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State Senate panel rejects LaSalle nomination, 10 to 9

Jan 19, 2023 1:00 am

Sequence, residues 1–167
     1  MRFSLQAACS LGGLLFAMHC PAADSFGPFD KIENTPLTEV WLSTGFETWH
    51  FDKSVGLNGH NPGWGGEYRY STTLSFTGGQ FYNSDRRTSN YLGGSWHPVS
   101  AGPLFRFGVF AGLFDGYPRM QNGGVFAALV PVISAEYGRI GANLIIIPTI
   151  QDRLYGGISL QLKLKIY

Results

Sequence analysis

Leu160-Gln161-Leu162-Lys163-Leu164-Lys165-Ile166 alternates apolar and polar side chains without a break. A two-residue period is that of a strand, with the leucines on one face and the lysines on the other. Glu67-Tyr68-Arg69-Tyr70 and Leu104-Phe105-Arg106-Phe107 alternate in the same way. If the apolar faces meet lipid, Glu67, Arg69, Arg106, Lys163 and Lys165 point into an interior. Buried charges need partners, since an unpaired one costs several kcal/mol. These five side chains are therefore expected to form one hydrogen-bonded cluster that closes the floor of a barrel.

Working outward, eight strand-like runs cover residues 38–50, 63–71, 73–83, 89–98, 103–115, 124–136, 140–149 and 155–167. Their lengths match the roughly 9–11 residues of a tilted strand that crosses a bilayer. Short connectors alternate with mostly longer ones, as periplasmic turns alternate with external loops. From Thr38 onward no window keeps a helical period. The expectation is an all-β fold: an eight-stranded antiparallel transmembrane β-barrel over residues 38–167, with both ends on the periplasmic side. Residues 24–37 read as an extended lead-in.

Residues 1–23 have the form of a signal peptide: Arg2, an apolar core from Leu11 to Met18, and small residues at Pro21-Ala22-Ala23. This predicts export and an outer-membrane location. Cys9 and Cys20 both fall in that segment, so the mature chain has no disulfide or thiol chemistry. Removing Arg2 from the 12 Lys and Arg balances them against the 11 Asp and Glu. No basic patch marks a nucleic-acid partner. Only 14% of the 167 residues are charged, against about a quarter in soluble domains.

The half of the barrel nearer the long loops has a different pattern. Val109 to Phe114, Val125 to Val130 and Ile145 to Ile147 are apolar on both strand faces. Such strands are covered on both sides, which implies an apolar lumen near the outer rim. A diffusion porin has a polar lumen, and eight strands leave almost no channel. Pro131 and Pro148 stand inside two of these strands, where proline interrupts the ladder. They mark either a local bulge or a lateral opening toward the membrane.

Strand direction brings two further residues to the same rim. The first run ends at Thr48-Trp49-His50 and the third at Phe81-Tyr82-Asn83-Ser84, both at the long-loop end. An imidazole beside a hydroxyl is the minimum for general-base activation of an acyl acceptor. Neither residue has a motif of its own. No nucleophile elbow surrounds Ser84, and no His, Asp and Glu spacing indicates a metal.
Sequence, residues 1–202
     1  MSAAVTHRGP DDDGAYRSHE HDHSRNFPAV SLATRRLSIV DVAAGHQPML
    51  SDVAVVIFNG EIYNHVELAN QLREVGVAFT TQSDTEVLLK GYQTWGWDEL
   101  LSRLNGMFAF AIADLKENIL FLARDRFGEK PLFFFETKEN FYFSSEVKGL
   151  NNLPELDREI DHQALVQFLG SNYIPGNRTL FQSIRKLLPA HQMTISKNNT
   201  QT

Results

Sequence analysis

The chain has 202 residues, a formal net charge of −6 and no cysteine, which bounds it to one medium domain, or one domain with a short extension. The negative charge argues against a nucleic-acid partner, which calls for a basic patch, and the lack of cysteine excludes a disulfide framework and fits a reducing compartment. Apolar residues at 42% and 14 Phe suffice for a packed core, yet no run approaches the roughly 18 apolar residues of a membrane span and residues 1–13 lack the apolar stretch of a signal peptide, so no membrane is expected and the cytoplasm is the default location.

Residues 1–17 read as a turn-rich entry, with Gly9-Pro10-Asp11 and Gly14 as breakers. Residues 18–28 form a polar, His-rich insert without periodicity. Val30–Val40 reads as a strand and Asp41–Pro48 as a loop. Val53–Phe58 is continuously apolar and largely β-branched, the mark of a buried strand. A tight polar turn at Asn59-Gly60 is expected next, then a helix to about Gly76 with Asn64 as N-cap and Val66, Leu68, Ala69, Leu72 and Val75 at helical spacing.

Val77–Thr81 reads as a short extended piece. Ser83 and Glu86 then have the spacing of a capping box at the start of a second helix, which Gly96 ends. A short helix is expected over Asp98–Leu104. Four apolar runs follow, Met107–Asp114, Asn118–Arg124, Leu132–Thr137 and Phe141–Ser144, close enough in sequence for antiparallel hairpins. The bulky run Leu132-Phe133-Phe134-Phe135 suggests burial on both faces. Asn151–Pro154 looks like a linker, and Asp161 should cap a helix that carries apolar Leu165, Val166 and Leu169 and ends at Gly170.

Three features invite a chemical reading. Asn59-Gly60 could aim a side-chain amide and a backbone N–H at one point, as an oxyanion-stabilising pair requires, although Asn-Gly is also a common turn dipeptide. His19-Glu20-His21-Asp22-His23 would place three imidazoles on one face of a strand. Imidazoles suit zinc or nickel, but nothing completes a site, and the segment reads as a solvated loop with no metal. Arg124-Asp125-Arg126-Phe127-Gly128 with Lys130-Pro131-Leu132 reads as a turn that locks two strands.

Luis Ferré-Sadurní and Jesse McKinley report for The New York Times that Hector D. LaSalle, Governor Kathy Hochul's nominee for the state's top judge, was rejected on January 18, by the state Senate Judiciary Committee, the first time New York lawmakers have rejected a governor's choice for chief judge. The 19-member committee voted 10 to 9 against moving LaSalle's nomination to a full vote on the Senate floor. CLICK HERE TO DOWNLOAD OR PLAY SHORT CLIP OF VOTE. All 10 who voted against the judge were Democrats; two Democrats voted in support of the nomination, while one Democrat and all six Republicans voted in favor “without recommendation." However, the rejection does not necessarily mean the matter is concluded. Hochul has not ruled out taking legal action to force a vote on the Senate floor, and she has argued that a committee vote is irrelevant; that her nominee must be subject to a full vote on the Senate floor. Senate Democrats, as well as other legal experts, argue the Senate has the authority to determine its own rules and procedures to consider judicial nominations, especially since the state Constitution does not explicitly say a nomination must be voted on by the full state Senate. LaSalle's nomination provoked an intense backlash from progressives. His nomination in December was immediately opposed by several unions, reproductive rights groups, and community organizations, which pointed to cases they said revealed he was anti-union and anti-abortion. At the hearing Wednesday, LaSalle attempted to dispel what he said were unfair characterizations of his judicial record. “I only ask that this body look at my entire record, not just the record that certain advocates have chosen to look at,” LaSalle said, arguing that some of his cases had been the target of “mischaracterization simply to derail my nomination.” Asked by lawmakers about his judicial philosophy, LaSalle argued that many of the cases that had been singled out had hinged on procedural questions, and did not necessarily reflect his underlying beliefs on larger issues involving union rights and abortion. LaSalle is serving as presiding justice of the Appellate Division of the Second Judicial Department of the New York State Supreme Court, which handles civil and criminal appeals from Brooklyn, Queens, Staten Island, Westchester County, and a half-dozen other counties. He was considered among the more moderate potential nominees from a list of seven candidates that Hochul was given to choose from by a special commission as she looked to replace Janet DiFiore, who resigned last year. Read the full story in The New York Times.